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Clay Court Championship Week
Keenan Mayo Takes Boys 14 Clay Trophy

It was a hot, wet and muggy week in Fort Lauderdale for the USTA National Boys 14 Clay Court Championships. It's hard to say that was really unusual, but what was rare was that there were no players in doubles and singles finals, not a lot of upsets, and a whole lot of Californians in the winners' circle.

Singles finalists Bradley Frye (left) and Keenan Mayo
© Marcia Frost
The first few days of the tournament were plagued by rain and - even through the semifinal matches - the boys were forced to make up the time by playing into the night at the Jimmy Evert Tennis Center in Holiday Park. It had become the norm for rain to swoop in each afternoon, wrecking the tournament's schedule.

Fortunately, the final day proved to be a lucky one for not only the winners, but the hard-working staff who got their wish and were able to finally go home before sunset.

The Boys' 14s were the first of the National Clay Court Championships to finish in Florida, and Friday was the day to do it. Although it was still extremely hot in the low 90s and quite humid, the skies stayed clear long enough for all the final matches to proceed as planned.

Easter Bowl finalist Keenan Mayo of Roseville, California, lived up to his top seeding, never dropping a set in the his quest for the singles title. His opponent for the final match, Bradley Frye of Overland Park, Kansas, was just as successful in his run. In fact, the 12th seed even took out No. 4 Russell Benkaim (Osprey, Florida) in one of the straight set matches that he continued with throughout the draw.

Despite the fact that there was a clear difference in the size of Mayo as he towered over Frye, the lower seed never lacked confidence out on the court. He continued the fight when down 0-4 in the first set, taking the next game and then battling through the next one for 20 minutes before getting the score up to 4-2.

It was at that point in the match that errors from both players diminished and winners were being shot across each side of the court. Mayo finally took the set at 6-3 and began the next with a 2-0 lead, but Frye continued to swing back. He did not once let up until match point was taken against him in another 6-3 set by the stronger player.

Gold draw champion Blake Croyder
© Marcia Frost
Seeding held true in the third place match, too, as No. 3 Robert Baylon of Buena Park, California, prevailed over No. 7 Christian Alshon of Boca Raton, Florida, 6-4,6-1.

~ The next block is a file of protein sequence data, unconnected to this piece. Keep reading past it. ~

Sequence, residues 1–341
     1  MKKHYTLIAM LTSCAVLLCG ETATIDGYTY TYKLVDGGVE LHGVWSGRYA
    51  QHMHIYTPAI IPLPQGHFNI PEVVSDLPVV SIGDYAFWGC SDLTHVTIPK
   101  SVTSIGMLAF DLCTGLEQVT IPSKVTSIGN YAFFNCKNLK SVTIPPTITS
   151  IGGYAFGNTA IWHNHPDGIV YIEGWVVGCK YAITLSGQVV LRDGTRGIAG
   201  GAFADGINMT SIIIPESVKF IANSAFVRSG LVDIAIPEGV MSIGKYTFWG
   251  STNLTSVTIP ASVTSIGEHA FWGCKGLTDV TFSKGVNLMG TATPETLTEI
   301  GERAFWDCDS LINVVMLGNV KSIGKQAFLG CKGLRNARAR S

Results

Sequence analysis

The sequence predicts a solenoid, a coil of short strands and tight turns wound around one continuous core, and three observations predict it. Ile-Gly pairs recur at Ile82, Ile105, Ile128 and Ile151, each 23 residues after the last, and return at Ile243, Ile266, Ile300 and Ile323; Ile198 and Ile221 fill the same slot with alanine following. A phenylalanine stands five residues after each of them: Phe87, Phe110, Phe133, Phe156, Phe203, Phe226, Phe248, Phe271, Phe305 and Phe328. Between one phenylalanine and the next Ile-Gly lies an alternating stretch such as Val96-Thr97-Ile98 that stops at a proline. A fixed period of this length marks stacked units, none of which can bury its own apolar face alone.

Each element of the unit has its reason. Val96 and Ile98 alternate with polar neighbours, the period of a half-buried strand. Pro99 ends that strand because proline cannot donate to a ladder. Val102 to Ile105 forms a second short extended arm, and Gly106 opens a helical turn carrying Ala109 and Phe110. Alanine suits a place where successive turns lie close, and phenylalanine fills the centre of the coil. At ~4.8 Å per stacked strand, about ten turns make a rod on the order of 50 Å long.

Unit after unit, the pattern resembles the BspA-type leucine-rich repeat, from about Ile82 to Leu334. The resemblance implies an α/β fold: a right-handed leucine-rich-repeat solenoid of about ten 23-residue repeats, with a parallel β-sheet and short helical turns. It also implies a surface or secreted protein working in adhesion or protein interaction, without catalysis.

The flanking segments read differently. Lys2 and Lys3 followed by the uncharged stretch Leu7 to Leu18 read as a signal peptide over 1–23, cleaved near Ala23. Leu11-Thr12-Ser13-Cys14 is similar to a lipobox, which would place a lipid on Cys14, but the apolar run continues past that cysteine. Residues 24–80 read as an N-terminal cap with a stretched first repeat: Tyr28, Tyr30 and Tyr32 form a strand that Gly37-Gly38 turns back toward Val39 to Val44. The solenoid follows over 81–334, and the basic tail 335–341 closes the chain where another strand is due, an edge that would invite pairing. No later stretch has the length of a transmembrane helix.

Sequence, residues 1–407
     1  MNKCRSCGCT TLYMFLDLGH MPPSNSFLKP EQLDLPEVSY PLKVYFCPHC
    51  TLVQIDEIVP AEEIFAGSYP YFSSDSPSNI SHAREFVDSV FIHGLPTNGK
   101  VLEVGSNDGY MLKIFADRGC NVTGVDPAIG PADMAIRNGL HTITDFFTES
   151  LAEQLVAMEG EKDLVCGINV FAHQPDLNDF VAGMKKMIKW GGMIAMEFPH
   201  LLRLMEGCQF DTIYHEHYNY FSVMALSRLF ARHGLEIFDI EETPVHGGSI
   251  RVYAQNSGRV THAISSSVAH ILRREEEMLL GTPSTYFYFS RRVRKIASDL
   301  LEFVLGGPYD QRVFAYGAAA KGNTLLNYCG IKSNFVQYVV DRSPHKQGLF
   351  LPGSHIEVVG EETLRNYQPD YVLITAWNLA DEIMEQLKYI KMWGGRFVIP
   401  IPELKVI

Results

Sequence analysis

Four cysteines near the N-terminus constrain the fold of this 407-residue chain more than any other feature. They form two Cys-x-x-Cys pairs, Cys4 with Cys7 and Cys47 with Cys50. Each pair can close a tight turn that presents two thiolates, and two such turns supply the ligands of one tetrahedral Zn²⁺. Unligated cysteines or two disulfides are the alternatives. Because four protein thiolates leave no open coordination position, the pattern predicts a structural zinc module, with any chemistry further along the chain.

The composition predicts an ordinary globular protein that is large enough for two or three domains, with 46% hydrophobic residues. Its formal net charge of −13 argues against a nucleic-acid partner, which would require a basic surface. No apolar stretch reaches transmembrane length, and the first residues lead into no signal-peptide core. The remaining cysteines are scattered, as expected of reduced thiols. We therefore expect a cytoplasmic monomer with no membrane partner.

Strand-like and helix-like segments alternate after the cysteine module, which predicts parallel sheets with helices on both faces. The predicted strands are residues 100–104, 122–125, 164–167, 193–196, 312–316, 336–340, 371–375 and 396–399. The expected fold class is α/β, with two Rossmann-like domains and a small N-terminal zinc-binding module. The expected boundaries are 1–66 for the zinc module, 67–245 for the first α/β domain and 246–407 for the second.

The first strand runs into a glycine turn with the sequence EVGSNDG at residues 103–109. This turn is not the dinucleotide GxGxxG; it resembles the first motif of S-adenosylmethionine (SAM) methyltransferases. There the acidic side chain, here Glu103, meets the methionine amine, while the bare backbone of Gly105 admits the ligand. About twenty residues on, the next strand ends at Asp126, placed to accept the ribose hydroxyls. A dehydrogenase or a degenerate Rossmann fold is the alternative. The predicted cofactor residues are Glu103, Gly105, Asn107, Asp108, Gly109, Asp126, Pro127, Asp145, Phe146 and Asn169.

In other playoffs, Russell Benkaim (Osprey, Florida) won the Silver draw over Jenson Brooksby (Sacramento, California), 6-1,6-0; and Blake Croyder (Marietta, Georgia) defeated Arnav Dhingra (Darnestown, Maryland) in the Gold draw, 6-4,6-3.

The compass draw also kept the singles matches going for players who had bowed out early in the main draw. Not all of the final matches were played, but Carson Haskins (Ballwin, Missouri) took the North, Adam Neff (Bradenton, Florida) was the Northeast winner, Ryan Roegner (Asheville, North Carolina) was the South champion, Anil Chakka (Little Rock, Arkansas) won the Northwest, and Satish Kumar (Edison, New Jersey) took home the Southwest prize.


Perhaps it was the fact that the days were long, or the heat excessive, but it was unusual that none of the singles winners were also doubles winners - or even finalists.

Brandon Nakashima (San Diego, California) and Andrew Ton (Milpitas, California) took the doubles gold ball with a straight 6-2,6-3 win. The No. 7 seeds had taken out the fifth-seeded Croyder and Frye in the semifinals before beating No. 9 Campbell Erwin (Olmos Park, Texas) and Nathan Han (Tulsa Oklahoma) in that championship match.

Gold draw finalist Arnav Dhingra
© Marcia Frost
Only two players left Fort Lauderdale with more than one trophy from the Boys' 14 Clay Court Championship. Blake Croyder and Bradley Frye, who beat unseeded Benjamin Gollin (Redlands, California) and Jack Pulliam (Manhattan Beach, California), 6-3,6-1, for third place in doubles, were the lone winners of multiple awards.

It was ironic that the Californians ruled a hot and muggy Florida clay court event, but you never know what will happen when two players get together on a court. Kenean Mayo was the first one at this event to prove that.


More 14s...

This afternoon we stay in the 14s division - we stay in Florida - and we stay with Marcia Frost. Frost wraps up the Girls' 14 division from Plantation, Fla., this afternoon at 3pm Eastern / noon Pacific. Take a look at all the great articles we have - in our coverage of Clay Court Championship Week!


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About Marcia Frost

After years of running College And Junior Tennis and contributing to many other tennis publications, Marcia Frost is now freelancing full time. She writes regularly on tennis for Tennis Recruiting and Stack. Frost is also a college tennis advocate and has helped organize many college tennis showcases, where she acts as a featured speaker. She has written Monthly Guides To College Tennis Planning for H.S. Juniors and Seniors and is the author of American Doubles... the Trials... the Triumphs... the Domination.

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Page updated on Sunday, June 14, 2015
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